Cape Town – South Africa is relying less on imports of dairy products and red meat, while maize stocks were up 33 percent, the Minister of Agriculture, Forestry and Fisheries Tina Joemat-Pettersson said on Wednesdsay.
Responding to a parliamentary question raised in the National Assembly on food security, Joemat-Pettersson said imports of milk and milk products had decreased by 3.4 percent, from 37 664 tons in 2008 to 36 389 tons during 2009.
She said when the figures for the imports of dairy products are reported, these are expected to have fallen by 66.8 percent to 12 077 tons, after an improvement in local milk production, she said.
Imports of red meat decreased by 11.5 percent from 50 123 tons in 2008/09 to 44 378 tons in 2009/10, which is also 25.4 percent lower than the average of about 59 522 tons for the five years up to 2009/10, she said.
Meanwhile, the projected closing stocks of maize for the current 2010/11 marketing season are 2 840 million tons – 33.3 percent more than the previous season’s 2 131 million tons – mainly thanks to a higher production of maize during the 2009/10 season.
Joemat-Pettersson said South Africa usually had the capacity to cover the maize import needs of neighbouring countries experiencing shortages and also exported to countries such as Kenya, Korea, Kuwait, Somalia and Spain.
However, while the country’s milk production and maize production may have increased, imports of chicken have increased, the sorghum yield is down, canola production has dropped and South Africa still relies on overseas markets for about a third of its wheat demand said Joemat-Pettersson.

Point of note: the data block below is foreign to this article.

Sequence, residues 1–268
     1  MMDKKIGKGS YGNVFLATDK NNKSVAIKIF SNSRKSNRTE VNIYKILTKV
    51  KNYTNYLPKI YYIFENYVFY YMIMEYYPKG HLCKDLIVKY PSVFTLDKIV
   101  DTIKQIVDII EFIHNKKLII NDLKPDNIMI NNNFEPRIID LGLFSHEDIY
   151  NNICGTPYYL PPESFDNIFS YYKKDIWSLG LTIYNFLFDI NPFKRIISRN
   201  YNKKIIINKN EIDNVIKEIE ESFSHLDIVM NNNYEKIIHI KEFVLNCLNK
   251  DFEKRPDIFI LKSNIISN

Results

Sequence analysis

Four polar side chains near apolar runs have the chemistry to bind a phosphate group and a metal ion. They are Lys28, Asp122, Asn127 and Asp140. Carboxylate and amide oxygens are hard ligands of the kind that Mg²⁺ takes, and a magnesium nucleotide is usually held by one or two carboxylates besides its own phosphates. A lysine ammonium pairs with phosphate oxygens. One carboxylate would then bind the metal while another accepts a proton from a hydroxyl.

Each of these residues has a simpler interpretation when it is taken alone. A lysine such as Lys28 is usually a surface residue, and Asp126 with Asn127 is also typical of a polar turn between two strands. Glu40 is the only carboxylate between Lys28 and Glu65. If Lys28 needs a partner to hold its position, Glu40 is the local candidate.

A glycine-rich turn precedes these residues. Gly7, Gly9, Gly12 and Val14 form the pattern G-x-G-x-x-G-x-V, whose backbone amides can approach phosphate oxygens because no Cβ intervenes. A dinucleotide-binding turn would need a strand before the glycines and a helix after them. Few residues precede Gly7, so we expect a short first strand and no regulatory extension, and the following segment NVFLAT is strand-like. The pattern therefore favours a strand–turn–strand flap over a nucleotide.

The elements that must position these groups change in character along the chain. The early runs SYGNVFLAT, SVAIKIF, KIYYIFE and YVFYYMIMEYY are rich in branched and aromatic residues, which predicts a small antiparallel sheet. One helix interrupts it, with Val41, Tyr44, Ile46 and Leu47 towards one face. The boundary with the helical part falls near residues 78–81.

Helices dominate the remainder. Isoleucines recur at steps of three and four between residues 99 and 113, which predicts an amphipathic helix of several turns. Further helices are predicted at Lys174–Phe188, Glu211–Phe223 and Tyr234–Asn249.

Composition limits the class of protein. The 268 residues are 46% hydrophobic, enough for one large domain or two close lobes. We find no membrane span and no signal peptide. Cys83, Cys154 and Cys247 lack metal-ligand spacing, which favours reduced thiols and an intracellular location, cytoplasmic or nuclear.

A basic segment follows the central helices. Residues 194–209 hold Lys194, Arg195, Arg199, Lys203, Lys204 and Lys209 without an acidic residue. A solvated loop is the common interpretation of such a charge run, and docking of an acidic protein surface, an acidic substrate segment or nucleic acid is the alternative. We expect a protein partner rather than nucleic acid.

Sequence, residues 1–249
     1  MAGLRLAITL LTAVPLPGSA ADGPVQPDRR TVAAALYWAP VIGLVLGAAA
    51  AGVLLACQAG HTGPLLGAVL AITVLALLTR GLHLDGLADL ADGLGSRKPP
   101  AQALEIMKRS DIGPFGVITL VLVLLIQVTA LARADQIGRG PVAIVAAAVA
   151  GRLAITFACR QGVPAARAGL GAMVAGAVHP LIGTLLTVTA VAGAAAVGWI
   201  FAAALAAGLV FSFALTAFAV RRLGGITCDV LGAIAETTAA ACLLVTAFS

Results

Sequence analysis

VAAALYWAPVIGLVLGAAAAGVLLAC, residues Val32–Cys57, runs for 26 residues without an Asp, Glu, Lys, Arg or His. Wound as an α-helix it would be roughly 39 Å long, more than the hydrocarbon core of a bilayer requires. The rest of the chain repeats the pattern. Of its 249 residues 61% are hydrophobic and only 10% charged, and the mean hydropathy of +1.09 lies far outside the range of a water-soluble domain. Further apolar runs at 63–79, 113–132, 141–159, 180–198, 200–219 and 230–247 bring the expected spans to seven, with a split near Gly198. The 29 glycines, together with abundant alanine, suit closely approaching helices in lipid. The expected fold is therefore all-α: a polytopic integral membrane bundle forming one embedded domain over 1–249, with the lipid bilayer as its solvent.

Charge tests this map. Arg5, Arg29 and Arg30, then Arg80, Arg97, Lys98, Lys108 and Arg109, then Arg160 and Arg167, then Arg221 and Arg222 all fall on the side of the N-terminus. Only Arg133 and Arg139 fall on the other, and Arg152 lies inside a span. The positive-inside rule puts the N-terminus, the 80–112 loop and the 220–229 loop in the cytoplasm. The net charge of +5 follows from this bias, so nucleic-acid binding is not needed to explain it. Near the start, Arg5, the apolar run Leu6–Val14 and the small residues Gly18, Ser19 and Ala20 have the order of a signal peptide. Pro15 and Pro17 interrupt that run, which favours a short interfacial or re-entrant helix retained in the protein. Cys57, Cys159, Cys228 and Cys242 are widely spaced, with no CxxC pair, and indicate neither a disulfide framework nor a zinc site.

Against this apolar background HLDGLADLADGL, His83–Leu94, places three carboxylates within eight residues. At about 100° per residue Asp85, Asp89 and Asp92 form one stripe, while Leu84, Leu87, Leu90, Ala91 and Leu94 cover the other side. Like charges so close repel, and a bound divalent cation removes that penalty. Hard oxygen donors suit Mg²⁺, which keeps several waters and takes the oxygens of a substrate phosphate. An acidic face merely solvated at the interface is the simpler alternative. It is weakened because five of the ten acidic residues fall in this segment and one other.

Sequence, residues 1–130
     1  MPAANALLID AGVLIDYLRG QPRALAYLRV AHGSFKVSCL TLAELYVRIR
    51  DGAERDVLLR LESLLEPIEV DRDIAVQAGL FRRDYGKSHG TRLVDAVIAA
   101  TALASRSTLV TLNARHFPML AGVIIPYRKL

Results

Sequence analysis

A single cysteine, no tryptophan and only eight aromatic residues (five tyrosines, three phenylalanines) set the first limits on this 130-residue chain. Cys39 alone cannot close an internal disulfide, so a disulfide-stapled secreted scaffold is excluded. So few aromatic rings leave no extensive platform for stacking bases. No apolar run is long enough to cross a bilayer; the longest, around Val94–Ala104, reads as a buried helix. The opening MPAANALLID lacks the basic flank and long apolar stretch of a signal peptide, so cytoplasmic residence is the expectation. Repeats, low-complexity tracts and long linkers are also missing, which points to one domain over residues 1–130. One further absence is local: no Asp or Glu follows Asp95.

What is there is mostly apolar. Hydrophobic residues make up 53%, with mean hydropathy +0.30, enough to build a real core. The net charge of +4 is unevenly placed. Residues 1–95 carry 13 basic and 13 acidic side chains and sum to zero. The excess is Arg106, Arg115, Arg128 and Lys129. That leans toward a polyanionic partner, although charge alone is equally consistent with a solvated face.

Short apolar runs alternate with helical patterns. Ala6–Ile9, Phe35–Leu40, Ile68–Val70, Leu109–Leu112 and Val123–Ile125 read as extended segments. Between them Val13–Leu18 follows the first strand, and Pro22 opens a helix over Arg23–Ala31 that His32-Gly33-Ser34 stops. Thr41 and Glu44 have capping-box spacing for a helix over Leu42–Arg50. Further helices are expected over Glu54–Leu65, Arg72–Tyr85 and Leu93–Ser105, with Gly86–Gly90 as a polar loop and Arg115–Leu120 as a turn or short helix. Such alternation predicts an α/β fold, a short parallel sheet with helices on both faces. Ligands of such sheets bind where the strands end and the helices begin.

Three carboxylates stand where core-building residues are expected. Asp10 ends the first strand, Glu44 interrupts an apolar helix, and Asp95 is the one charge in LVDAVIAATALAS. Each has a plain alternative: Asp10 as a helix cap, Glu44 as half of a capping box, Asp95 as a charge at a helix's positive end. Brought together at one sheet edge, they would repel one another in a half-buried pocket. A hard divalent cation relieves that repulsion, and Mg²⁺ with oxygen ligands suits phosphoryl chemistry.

Broiler meat imports from January to June last year were 127 902 tons – an increase of 10.3 percent from the same period in 2009.
During 2009, about 72 percent of South African poultry imports were from Brazil and 14 percent from Argentina.
Because of a smaller sorghum crop in the 2009/10 season, closing stock of sorghum at the end of March came to about 44 200 tons, which is 52.6 percent less than the previous season’s 93 200 tons, said Joemat-Pettersson.
Canola production is expected to decrease by 1.7 percent from 40 350 tons to 39 650 tons, while the estimated area planted to canola decreased by 0.7 percent from 35 060 ha in 2009 to 34 820 ha in 2010.
“The decrease in production can most likely be ascribed to a number of factors, with the main one probably being low and fluctuating yields. During this period, some canola producers in the Western Cape experienced extensive damage by slugs and isopods,” said Joemat-Pettersson.
South Africa’s water scarcity was largely behind the country’s need to rely on various food imports, Joemat-Pettersson said.
Only 13 percent of South Africa’s land can be used for crop production of which 22 percent of this is high-potential arable land, she pointed out.
“The most important limiting factor is the availability of water. Rainfall is distributed unevenly across the country, with some areas prone to drought. Almost 50 percent of South Africa’s water is used for agriculture, with about 1.3 million hectares under irrigation,” she said.
In response to another parliamentary question raised in the National Assembly, Joemat-Pettersson said farmers had been encouraged to adopt cultivation practices that conserve water – including practices such as mulching, crop rotation, strip cropping and minimum tillage, among other things.
The department, together with provincial departments of agriculture, is also rehabilitating a number of old irrigation schemes, particularly in former homeland areas, replacing irrigation equipment with those that uses less water.
Added to this, farmers were also being encouraged to adopt drought tolerant cultivars as part of the farming systems and the department is supporting a number of breeding programmes at the department’s Agricultural Research Council and the Water Research Commission.
The department is also promoting the adoption of water harvesting technologies which have proven effective in increasing crop yields, she said. – BuaNews